by editor Phillippa Pitts

This year I kicked off a new project instead of pretending to have a New Year’s Resolution. Starting 2014 was like stepping onto a roller coaster anyway: finishing up at Tufts this spring and off to who knows where in a few short months! So, like so many of us, I started a blog.

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The blog is called The Tertiary Source Project. It’s an idea that sprung out of a semester-long Proseminar project. I was working on late 19th century and early 20th century postcards and their depictions of my favorite subject — war. (Not joking, I really do specialize in the intersection of art history and war.) I expected to find myself immersed in the visual language of the time. However what emerged as the really interesting theme were the thousands of miniature histories that these cards told.

They were snapshots by people with limited information about their present and only guesses, fears, hopes, and dreams about the future. To read them, you’d think that World War One would end in 1915 (it ended in late 1918). “Never forget” was emblazoned across images of a swooning Edith Cavell, who the world has forgotten. Suddenly the fifth-grade concept of primary and secondary sources flared to life with a passion I had never felt for it as a child.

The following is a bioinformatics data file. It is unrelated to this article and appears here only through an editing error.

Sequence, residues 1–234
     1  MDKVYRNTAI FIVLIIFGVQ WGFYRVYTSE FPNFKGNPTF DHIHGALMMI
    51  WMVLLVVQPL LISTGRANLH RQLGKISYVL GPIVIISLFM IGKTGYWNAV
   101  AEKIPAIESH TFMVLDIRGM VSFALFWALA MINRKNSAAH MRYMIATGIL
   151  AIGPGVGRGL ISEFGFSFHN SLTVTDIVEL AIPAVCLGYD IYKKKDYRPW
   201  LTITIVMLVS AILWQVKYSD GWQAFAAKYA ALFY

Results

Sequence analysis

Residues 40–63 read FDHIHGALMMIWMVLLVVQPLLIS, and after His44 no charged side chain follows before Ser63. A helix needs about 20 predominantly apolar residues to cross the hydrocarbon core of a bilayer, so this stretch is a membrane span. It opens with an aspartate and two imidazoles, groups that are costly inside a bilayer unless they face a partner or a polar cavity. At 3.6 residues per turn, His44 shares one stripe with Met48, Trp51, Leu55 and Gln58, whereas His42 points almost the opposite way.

What occurred to me, as I was building up my object labels, exhibit design, and lesson plans, was that I was functioning as more than a secondary source. I wasn’t just synthesizing information, I was creating the atmosphere, framing the questions, providing the stimuli and orchestrating the event. In a book, one can select information and craft the story, play with weight and font. But it’s nothing like the impact of a phyiscal or virtual exhibit. And that ability to framing the question, framed the discussion itself. As something a step removed from a secondary source, I playfully dubbed myself a tertiary source.

As a busy technologist, it didn’t take long for the idea to spiral. How often was I, in building the shells for secondary sources, acting as a tertiary source: imposing my choice of limitations, viewpoints, and information. Where does one turn for best practices in such things?

I’ve found a number of interesting blogs, a few great books, and some key thinkers to follow. But what really emerged as an answer was reflection and mindfulness. If we get into the habit of questioning, challenging, and brainstorming our tertiary sources then at least we give ourselves the opportunity to see and choose how we are impacting our message.

Classes at Tufts have been a great opportunity to have these discussions and to hammer home how much our peers can contribute. The interdisciplinary and diverse community was a major reason I came to this program in the first place! This blog has been a great place to continue these discussions, with our growing cohort of alumni and student columnists and readers. So I hope anyone interested will challenge and engage me, because that dialogue is exactly what makes us better at what we do!